Hi Lisa, actually I was saying the opposite. Sorry if I was not clear enough. The affluent absolutely pay for public education, and In fact, its probably quite likely that public schools are funded primarily by the affluent (they generally pay the most in absolute taxes of course, income, real estate and otherwise), however, since they are the ones who are least likely to attend public schools there is an incentive for them to minimize that burden. I've always found that kind of ironic but thats what happens in a society with high income disparity. It seems natural they'd find it unfair and in fact it is my belief that is why some push vouchers because it essentially does away with that 'unfairness' by 'subsidizing away' the tax burden for those already in private school, at least partially. btw, allow me to suggest that it might not be the public schools that are squandering away the money. we have a law in this state that allows public employees to join unions. that costs money. we have laws in this state that require equal access to education, REGARDLESS of your mental or language or residence status. that costs money. We have laws in this country that require accountabilty and data reporting to the umpteenth degree. Of course thats because we want to make sure we're using public money effectively, but that all costs a LOT of money. All of these things can be undone by the voting public. The question is of course whether we'd really be willing to do that.. :-)
Leslie Aitken August 22, 2011 at 10:52 PM
This certainly has been a busy thread! I just got done registering my daughter at a public high school. I can't afford private and the charter school she was in wasn't offering enough options. So here we go again! Her counselor was young, friendly, and enthusiastic and did a great job getting her signed up. The issue at hand isn't really testing or test scores. A lot of it is that CA has so lost its way that most don't realize HOW sad the educational options offered really are. After my daughter got her English, math, science and language, we looked for electives. We couldn't find any academic electives: No psychology, sociology, marine biology, English Literature, Creative Writing, let alone Shakespeare!! That is a huge difference between what we have here and what IS available in Ohio. I don't blame any one school, it is the state of education in our State. My folks live in a house valued 1/4 of mine and pay 3 times the property tax. Therein lies the problem. We have Prop 13, Ohio and many other states have schools with 10 times the options and educational opportunities -- Marine Biology being one that my nephew took last year (which included a spring break trip to the Bahamas). We in CA -- our more accurately our children -- get what we pay for....or not. Kinda short sighted Mr. Jarvis!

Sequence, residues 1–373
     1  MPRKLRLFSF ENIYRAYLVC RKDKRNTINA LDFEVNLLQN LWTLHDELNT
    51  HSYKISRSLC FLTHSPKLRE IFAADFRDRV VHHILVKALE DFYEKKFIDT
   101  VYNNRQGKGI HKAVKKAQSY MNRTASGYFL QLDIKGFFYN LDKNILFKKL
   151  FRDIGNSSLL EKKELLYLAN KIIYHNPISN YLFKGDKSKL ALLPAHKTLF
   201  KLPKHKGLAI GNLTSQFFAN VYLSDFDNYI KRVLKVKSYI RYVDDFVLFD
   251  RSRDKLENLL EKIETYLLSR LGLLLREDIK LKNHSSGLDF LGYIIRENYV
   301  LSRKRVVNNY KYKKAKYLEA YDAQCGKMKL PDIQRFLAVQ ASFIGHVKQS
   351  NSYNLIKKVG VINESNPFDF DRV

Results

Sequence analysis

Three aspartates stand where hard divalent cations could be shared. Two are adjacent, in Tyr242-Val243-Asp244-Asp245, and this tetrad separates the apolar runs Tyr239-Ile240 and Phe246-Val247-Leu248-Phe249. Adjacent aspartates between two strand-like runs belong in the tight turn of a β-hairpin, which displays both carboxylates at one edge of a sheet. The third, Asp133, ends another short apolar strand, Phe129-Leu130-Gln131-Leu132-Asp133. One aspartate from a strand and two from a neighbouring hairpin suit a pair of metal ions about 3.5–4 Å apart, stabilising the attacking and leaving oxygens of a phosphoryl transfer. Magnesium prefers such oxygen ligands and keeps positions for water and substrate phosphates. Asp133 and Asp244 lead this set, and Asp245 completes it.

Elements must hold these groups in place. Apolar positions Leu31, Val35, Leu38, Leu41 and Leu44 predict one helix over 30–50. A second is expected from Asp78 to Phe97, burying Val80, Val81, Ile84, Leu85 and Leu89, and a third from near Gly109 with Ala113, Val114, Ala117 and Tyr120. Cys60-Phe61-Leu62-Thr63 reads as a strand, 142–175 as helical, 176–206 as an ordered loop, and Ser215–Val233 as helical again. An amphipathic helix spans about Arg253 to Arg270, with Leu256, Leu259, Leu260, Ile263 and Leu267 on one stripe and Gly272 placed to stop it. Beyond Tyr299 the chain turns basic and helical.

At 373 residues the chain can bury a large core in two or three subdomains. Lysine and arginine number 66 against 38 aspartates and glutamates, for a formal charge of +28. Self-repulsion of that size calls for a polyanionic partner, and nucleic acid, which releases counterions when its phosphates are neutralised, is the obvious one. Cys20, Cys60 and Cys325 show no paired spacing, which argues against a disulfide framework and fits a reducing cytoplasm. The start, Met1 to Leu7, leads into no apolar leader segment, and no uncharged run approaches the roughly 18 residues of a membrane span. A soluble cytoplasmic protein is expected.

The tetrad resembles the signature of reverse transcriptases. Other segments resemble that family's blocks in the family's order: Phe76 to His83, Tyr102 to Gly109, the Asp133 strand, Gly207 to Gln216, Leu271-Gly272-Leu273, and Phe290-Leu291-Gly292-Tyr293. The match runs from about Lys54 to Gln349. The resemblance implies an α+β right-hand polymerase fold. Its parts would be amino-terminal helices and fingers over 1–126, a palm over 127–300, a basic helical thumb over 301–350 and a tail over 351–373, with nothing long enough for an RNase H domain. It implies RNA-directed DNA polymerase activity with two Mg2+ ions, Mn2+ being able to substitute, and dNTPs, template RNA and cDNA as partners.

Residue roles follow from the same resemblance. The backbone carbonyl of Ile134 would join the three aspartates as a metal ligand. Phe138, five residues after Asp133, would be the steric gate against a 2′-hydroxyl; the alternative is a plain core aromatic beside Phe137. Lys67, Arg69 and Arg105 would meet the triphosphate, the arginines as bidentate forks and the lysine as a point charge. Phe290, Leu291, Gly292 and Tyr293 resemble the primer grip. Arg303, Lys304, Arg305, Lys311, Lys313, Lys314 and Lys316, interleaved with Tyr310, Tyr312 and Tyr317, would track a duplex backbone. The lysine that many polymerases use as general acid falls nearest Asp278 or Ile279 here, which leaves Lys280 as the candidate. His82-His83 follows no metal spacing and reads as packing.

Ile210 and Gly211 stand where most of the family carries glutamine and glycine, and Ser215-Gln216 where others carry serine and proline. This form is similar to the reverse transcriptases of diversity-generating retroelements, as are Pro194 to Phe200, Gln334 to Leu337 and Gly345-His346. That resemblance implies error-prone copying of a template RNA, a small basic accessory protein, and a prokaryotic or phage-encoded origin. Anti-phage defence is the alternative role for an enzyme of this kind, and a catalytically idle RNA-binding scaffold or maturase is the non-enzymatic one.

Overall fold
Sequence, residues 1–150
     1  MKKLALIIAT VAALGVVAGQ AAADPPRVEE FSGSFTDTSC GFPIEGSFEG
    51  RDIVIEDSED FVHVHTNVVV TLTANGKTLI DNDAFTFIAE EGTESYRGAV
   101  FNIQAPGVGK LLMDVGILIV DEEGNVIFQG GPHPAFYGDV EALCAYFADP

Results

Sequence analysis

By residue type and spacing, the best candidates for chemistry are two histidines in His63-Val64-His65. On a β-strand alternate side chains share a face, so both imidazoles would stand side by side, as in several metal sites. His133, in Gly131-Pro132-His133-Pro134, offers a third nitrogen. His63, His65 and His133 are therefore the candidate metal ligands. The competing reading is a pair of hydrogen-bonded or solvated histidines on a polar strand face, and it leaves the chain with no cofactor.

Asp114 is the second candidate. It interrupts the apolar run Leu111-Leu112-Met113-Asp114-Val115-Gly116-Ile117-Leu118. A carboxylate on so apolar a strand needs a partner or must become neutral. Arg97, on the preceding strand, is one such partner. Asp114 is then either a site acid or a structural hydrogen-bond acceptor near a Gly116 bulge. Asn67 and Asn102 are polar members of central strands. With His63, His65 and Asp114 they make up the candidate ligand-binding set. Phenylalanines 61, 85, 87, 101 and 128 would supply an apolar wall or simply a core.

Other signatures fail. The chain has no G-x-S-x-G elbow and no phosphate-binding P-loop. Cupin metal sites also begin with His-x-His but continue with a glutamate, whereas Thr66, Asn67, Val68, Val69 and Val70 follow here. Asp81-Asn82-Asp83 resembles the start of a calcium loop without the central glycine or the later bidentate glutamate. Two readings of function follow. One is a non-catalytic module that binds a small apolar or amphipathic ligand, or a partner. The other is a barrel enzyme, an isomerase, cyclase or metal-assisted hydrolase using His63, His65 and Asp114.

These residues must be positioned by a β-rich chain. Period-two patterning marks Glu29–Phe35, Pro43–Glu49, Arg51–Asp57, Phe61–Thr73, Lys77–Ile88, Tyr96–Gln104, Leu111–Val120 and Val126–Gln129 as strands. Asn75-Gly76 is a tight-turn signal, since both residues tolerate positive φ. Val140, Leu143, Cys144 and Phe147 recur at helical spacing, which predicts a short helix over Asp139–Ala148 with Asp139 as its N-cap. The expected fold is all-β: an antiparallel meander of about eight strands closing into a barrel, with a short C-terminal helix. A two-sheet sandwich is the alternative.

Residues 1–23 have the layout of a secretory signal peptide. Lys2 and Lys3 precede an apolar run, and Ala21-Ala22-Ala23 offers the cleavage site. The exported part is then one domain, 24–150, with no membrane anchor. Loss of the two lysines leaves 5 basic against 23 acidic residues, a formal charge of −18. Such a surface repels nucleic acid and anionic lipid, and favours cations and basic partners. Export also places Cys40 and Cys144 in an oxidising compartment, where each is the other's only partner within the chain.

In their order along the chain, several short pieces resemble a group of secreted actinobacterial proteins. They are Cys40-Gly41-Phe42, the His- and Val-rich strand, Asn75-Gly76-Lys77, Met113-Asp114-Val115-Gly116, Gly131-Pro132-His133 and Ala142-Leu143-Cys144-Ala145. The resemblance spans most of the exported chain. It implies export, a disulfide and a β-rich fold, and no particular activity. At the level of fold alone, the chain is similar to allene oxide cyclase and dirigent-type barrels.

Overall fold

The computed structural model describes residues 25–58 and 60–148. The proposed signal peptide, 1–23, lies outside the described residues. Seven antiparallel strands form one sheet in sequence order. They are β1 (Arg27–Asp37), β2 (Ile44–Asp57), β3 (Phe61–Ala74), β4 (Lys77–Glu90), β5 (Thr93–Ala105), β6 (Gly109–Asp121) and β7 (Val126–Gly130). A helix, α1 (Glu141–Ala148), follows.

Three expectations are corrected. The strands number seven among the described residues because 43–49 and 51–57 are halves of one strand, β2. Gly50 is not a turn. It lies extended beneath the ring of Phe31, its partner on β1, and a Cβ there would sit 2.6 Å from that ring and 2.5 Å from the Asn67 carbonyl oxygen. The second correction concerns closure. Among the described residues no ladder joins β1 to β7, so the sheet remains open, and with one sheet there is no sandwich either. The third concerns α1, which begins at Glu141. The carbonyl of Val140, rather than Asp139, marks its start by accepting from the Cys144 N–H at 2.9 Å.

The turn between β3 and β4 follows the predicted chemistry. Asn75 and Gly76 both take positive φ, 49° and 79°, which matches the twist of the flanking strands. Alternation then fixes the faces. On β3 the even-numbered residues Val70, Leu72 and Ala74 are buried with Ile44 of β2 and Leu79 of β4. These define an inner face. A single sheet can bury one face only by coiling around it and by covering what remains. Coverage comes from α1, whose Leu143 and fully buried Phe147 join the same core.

navigio August 22, 2011 at 11:42 PM
well, you know i share your frustration leslie... not that that helps any.. :-P Do you know whether these electives were cut recently or whether they havent existed for a while? I know some elective teachers were cut as a result of budget cuts.. not sure the impact of that on the courses offered.